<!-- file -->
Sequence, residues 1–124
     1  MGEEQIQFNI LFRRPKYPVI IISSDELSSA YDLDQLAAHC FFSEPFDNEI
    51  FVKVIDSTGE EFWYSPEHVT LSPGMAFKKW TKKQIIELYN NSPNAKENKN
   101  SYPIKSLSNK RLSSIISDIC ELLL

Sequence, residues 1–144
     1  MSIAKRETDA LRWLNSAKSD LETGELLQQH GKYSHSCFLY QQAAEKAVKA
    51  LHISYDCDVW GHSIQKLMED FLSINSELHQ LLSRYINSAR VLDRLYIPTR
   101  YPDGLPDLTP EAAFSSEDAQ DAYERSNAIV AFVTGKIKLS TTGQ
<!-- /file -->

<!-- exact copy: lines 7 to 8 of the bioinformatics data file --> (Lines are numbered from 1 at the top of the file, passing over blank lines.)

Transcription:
    51  LHISYDCDVW GHSIQKLMED FLSINSELHQ LLSRYINSAR VLDRLYIPTR
   101  YPDGLPDLTP EAAFSSEDAQ DAYERSNAIV AFVTGKIKLS TTGQ